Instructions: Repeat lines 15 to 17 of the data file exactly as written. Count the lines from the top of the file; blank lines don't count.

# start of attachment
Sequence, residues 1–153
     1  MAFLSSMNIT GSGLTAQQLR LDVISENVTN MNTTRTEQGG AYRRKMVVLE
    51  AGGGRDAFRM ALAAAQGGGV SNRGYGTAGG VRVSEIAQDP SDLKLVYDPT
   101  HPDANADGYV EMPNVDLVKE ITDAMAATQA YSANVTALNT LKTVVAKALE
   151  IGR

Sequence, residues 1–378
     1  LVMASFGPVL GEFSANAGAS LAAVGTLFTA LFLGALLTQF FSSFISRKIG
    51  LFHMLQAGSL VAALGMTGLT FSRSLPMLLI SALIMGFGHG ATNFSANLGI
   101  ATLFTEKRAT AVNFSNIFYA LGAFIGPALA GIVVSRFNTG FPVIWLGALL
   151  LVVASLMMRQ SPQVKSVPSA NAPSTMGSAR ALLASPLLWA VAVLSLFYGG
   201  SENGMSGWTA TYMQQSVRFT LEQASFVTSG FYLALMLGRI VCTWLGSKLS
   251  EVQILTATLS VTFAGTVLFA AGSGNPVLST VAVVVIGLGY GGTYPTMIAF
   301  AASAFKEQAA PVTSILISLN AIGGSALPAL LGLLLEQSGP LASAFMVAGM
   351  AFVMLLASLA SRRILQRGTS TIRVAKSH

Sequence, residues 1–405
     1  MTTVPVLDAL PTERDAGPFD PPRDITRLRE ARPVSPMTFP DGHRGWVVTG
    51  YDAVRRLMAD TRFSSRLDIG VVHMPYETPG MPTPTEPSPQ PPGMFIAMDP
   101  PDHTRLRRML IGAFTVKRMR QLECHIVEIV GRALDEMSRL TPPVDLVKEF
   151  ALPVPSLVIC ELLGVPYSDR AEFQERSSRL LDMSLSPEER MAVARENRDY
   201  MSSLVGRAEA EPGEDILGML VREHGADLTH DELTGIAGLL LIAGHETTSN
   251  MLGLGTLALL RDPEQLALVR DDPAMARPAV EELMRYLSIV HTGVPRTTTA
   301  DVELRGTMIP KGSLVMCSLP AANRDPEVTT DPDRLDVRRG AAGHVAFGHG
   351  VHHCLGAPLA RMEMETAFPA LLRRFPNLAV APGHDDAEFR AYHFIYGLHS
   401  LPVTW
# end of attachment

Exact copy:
Sequence, residues 1–405
     1  MTTVPVLDAL PTERDAGPFD PPRDITRLRE ARPVSPMTFP DGHRGWVVTG
    51  YDAVRRLMAD TRFSSRLDIG VVHMPYETPG MPTPTEPSPQ PPGMFIAMDP